Significant crime at transit stations and 24-7 shelters linked to 18 frequent offenders, Edmonton police say


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Most of the increasing crime at Edmonton transit stations and overnight shelters is being caused by 18 prolific offenders, police said in releasing crime data from the past two years.

Data released Wednesday afternoon shows crime severity at Edmonton LRT stations is three times the city-wide average and two times as high at three temporary shelters that operated throughout the winter. Analysis found that 18 distinct offenders were in the top 20 per cent of individuals involved in these cases at transit stations as well as the shelters and identified as living at one of the emergency shelter locations.

Sean Tout, Edmonton Police Service executive director of information management and intelligence, said this high crime rate from few individuals makes it more difficult to ensure the safety and security of vulnerable residents experiencing homelessness. Ten of the individuals have been identified as having possible street gang affiliation and Tout said they increase the risk of violence to the marginalized community needing support.

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These 18 offenders have been involved in 2,137 criminal violations since 2006 with 45 per cent occurring within the last two years. There was a significant increase in the severity of violations involving these offenders between December 2020 and January 2021.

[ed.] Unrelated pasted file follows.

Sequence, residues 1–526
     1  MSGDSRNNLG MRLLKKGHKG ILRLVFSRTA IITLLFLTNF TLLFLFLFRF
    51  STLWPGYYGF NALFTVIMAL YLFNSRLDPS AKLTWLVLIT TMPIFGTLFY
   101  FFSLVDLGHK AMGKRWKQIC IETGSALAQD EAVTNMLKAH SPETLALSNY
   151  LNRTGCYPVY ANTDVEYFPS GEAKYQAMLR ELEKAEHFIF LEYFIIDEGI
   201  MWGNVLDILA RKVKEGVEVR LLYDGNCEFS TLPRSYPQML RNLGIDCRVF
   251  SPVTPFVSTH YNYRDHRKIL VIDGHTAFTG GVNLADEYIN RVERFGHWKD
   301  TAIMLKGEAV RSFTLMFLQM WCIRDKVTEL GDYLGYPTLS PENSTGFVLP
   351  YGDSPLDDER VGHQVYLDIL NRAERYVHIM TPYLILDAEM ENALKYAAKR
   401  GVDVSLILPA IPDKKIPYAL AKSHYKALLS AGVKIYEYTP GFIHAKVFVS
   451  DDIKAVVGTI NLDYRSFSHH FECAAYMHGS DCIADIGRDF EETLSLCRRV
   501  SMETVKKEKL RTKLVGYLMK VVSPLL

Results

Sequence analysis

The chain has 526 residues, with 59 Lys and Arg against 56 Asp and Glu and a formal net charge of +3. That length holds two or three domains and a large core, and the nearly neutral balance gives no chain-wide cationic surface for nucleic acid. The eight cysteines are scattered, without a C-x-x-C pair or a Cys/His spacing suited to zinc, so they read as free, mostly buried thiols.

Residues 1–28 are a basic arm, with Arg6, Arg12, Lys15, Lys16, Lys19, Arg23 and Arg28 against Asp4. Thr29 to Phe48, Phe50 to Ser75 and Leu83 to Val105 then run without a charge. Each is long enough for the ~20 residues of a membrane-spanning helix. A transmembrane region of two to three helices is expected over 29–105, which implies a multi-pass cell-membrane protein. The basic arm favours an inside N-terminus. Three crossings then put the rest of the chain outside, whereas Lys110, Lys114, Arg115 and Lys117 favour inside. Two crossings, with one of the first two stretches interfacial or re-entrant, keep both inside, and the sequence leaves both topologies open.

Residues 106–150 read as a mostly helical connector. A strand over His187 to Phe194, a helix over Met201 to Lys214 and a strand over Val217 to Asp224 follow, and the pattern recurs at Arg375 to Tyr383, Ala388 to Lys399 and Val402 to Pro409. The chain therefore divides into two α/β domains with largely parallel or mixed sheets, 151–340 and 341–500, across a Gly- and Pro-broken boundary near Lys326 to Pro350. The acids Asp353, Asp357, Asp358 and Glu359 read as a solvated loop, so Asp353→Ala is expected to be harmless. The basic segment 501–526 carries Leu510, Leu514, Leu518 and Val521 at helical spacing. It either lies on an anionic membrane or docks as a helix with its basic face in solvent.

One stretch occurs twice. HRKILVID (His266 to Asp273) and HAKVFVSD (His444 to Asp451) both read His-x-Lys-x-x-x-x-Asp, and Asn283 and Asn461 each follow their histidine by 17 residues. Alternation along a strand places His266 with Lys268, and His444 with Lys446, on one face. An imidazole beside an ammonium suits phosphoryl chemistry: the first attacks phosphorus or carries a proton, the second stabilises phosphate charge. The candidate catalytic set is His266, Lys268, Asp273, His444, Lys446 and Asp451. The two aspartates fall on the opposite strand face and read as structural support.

“They are prolific and they are predatory. They occupy the same space and time as our vulnerable, for all intents and purposes masquerading as them to affect their criminal purpose,” Tout told reporters Wednesday. “The complexities of differentiating the prolific or career criminal from the vulnerable in this context compounds the challenges of delivering timely and effective community safety supports and services to address the needs of the vulnerable while at the same time holding the prolific offenders to account.”

Police said they are working with community outreach agencies to try and accommodate basic needs for these individuals including mental health supports and housing. Some may be faced with criminal investigations.

Insp. Angela Kemp, with the crime suppression branch, said the police service can’t do it alone and are working with community partners and the City of Edmonton to solve the safety concerns. She said increased 24-7 access to outreach workers will be necessary to respond to issues “quicker and more efficiently.”

In an effort to improve safety and security on the transit system, Edmonton transit branch manager Carrie Hotton-MacDonald said the city is working on piloting an outreach model similar to Calgary where a transit peace officer and social support worker will patrol the system together and will be able to provide aid and referrals to those in need.

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“They’re going to be essentially a foot patrol going through the transit centres and LRT stations and doing that early intervention to help people, so I think that’s really going to add another layer,” she said. “I want people to know that (safety) is my top priority and it is about making sure everyone has that safe journey.”

The city is still working on finding necessary funding the pilot program and working out the logistics in consultation with Calgary before it can launch.

In addition to the pilot, the city has doubled security guards at 19 select transit stations and increased patrols of police and transit peace officers to increase safety.